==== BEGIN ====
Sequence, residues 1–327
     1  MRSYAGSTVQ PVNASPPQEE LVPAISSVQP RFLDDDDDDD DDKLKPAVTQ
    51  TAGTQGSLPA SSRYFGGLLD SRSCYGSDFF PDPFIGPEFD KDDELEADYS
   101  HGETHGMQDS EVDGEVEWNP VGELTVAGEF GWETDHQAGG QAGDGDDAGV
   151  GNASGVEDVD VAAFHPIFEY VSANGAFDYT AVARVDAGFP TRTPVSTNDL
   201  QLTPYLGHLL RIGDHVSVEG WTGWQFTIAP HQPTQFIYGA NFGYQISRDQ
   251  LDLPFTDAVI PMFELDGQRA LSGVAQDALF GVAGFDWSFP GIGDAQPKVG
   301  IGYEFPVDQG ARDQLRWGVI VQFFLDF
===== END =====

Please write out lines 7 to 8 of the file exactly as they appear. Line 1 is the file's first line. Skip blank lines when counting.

   251  LDLPFTDAVI PMFELDGQRA LSGVAQDALF GVAGFDWSFP GIGDAQPKVG
   301  IGYEFPVDQG ARDQLRWGVI VQFFLDF